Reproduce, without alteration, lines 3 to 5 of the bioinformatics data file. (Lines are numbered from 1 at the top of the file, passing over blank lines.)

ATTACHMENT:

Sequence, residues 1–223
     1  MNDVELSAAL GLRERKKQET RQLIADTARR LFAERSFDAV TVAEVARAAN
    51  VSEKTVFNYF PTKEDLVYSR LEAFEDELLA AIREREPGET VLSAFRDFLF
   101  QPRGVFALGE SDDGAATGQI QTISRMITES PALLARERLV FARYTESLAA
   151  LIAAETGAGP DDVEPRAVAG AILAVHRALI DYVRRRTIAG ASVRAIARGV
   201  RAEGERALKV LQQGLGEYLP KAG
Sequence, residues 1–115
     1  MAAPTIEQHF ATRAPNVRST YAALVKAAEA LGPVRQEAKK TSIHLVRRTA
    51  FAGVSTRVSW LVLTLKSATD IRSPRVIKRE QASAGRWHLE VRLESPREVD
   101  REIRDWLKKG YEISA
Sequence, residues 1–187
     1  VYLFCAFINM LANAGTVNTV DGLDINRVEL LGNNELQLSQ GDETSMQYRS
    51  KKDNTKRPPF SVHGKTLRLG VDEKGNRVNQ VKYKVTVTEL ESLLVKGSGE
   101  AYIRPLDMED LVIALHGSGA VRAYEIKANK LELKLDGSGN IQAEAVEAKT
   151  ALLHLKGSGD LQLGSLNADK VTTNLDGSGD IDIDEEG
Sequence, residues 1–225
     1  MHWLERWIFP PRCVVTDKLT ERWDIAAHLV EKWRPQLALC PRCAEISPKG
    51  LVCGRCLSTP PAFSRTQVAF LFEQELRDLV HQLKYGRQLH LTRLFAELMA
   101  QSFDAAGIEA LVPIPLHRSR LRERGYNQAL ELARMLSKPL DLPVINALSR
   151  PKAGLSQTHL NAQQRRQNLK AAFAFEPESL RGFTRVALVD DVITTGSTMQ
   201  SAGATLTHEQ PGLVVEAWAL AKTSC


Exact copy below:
    51  VSEKTVFNYF PTKEDLVYSR LEAFEDELLA AIREREPGET VLSAFRDFLF
   101  QPRGVFALGE SDDGAATGQI QTISRMITES PALLARERLV FARYTESLAA
   151  LIAAETGAGP DDVEPRAVAG AILAVHRALI DYVRRRTIAG ASVRAIARGV